Don't Get above Your Raisin': Country Music and the Southern Working Class
Author: Bill C. Malone
Publication date : 2001
University of Illinois Press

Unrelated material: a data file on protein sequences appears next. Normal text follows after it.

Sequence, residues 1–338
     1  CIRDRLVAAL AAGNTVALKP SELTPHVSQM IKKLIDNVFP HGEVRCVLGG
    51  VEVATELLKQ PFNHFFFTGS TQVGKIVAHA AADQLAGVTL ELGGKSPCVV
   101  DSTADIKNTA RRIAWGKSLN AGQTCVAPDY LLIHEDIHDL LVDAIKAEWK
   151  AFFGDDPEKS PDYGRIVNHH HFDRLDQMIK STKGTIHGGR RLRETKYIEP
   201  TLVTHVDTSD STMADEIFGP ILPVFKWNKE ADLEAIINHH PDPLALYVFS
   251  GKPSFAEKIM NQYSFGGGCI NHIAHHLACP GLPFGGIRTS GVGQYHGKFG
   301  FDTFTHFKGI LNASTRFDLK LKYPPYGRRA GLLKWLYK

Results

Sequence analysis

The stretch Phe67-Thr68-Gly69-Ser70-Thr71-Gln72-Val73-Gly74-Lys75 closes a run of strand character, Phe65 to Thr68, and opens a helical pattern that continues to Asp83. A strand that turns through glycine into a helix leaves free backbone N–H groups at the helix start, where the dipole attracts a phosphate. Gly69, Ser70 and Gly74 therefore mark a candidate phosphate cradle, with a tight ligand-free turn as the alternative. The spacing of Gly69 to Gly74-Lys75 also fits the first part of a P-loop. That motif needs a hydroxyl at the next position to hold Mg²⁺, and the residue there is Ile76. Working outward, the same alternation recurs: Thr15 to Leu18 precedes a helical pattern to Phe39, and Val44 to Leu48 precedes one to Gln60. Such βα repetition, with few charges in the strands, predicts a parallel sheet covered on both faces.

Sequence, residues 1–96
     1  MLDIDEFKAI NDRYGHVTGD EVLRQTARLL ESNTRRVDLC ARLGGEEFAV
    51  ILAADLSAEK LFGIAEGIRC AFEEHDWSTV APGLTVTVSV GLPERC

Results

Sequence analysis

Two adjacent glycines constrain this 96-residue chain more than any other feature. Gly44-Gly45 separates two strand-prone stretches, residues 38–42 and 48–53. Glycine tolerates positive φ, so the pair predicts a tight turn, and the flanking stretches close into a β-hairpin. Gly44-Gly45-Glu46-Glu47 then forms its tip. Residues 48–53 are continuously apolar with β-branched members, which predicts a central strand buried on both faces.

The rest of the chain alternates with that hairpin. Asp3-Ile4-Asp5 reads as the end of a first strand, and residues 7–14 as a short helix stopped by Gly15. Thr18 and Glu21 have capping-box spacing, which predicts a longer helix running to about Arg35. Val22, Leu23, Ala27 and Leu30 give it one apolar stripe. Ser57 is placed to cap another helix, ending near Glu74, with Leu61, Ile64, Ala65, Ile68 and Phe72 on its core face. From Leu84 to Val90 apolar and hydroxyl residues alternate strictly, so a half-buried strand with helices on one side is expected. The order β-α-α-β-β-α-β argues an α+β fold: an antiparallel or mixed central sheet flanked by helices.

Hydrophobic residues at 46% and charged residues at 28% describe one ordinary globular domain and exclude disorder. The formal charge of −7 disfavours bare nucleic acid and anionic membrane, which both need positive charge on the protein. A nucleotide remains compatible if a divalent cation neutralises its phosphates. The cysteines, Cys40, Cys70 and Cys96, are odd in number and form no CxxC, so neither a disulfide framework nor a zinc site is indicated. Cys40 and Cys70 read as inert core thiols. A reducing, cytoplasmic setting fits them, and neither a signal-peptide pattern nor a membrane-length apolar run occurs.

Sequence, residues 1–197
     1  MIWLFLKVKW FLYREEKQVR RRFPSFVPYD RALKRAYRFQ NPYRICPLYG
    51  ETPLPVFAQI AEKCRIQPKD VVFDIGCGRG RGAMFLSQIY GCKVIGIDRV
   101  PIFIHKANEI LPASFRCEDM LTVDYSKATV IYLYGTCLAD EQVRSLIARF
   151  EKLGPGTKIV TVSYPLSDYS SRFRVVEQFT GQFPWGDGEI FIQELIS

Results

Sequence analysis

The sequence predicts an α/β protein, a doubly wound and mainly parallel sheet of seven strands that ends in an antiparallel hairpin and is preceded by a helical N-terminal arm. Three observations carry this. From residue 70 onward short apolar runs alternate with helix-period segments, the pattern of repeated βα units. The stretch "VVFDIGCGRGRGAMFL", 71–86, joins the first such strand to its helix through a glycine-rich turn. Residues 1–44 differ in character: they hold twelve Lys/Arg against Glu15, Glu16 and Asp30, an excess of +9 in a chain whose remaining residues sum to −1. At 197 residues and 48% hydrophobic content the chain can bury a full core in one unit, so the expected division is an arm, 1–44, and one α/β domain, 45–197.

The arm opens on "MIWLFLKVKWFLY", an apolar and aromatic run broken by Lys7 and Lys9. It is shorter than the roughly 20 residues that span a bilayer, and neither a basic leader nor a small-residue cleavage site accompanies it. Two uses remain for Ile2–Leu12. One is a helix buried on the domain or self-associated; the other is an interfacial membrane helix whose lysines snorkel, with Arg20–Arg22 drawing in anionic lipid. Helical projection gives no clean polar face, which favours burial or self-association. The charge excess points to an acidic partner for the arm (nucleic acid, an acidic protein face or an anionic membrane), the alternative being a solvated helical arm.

Combining a high-spirited history of country music's roots with vivid portraits of its primary performers, "Don't Get above Your Raisin'" examines the close relationship between "America's truest music" and the working-class culture that has constituted its principal source, nurtured its development, and provided its most dedicated supporters. Widely recognized as country music's ranking senior authority, Bill C. Malone explores how the music's defining themes (home and family, religion, rambling, frolic, humor, and politics) have emerged out of the particularities of working people's day-to-day lives. He traces the many contradictory voices and messages of a music that simultaneously extols the virtues of home and the joys of rambling, the assurances of the Christian life and the ecstasies of hedonism, the strength of working-class life and the material lure of middle-class aspirations. The resulting tensions, Malone argues, are a major reason for the music's enduring appeal.
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